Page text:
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Queen of the Confederacy

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"Submissiveness is not my role, but certain platitudes on certain occasions are among the innocent deceits of the sex." A strong character with a fervent belief in woman's changing place, Lucy Holcombe Pickens (1832-1899) was not content to live the life of a typical nineteenth-century Southern belle. Wife of Francis Wilkinson Pickens, the secessionist governor of South Carolina on the eve of the Civil War, Lucy was determined to make her mark in the world. She married "the right man," feeling that "a woman with wealth or prestige garnered from her husband's position could attain great power." She urged Pickens to accept a diplomatic mission to the court of Tsar Alexander II of Russia, and in St. Petersburg Lucy captivated the Tsar and his retinue with her beauty and charm. Upon returning to the states, she became First Lady of South Carolina just in time to encourage a Confederate unit named in her honor (The Holcombe Legion) off to war. She was the only woman to have her image engraved on Confederacy paper currency, the uncrowned "Queen of the Confederacy."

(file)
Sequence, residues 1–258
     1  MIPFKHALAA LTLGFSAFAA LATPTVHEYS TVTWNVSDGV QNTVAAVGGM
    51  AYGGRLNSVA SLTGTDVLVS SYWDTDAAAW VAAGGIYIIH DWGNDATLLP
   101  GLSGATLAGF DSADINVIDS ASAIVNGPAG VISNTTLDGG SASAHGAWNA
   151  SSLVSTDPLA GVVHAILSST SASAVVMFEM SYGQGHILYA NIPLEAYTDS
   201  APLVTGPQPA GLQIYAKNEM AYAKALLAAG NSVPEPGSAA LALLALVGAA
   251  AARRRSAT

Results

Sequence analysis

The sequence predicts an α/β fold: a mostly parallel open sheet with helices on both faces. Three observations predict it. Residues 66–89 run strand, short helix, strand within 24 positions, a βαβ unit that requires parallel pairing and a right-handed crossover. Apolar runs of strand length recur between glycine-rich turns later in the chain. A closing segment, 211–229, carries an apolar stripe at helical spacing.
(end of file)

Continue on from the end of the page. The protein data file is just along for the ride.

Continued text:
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Principal Characters


Principal Characters

Principal Characters

Major Philemon Holcombe—Lucy’s paternal grandfather, Revolutionary War hero

Lucy Maria Anderson Holcombe—Lucy’s paternal grandmother, blood relation to Marie Antoinette

Beverly Lafayette Holcombe—Lucy’s father, youngest son of Major and Lucy Maria Holcombe

Eugenia Dorothea Vaughn Hunt Holcombe—Lucy’s mother, wife of Beverly Holcombe

John Hunt—Lucy’s maternal grandfather, father of Eugenia

The children of Beverly and Eugenia Holcombe:

Anna Eliza

Lucy Petway Holcombe Pickens (non de plume H. M. Hardimann)

John Theodore Hunt

Martha Maria Edgeworth

Philemon Eugene

Helen, adopted

Elkanah Bracken Greer—husband of Anna Eliza

Beverly Holcombe Robertson—Lucy’s first cousin and ardent admirer

Dr. William Henry Holcombe—Lucy’s cousin, of Louisiana

Maria Hawley—governess to Holcombe children

Mr. C. H. Alexander—friend, builder, and entrepreneur.

Mr. S. H. Mathews—La Grange, Tennessee merchant and family friend

“Uncle” Nat Willis—friend, of La Grange, Tennessee

The Reverend Henry Shultz—Headmaster at the Moravian Female


CHAPTER ONE 1830–1840 Changing Times


Changing Times the ranks to become a major. He saw action with General Harry Lee’s

Light Horse Brigade and served as aide-de-camp to the Marquis de

Lafayette at the siege of Yorktown.3 The Major’s wartime tales of surviving on parched corn and sweet potatoes amused his grandchildren. Lucy, however, was more impressed by his marriage in 1781 to

Lucy Maria Anderson, a blood relation of the French Queen, Marie


After the wars, Major Holcombe and Lucy Maria settled in Amelia

County, Virginia, on his father’s 800-acre plantation, The Oaks, near

Seven Pines. Here they raised a large family of ten children, the last of whom, born in 1806, was Beverly Lafayette, the father of Lucy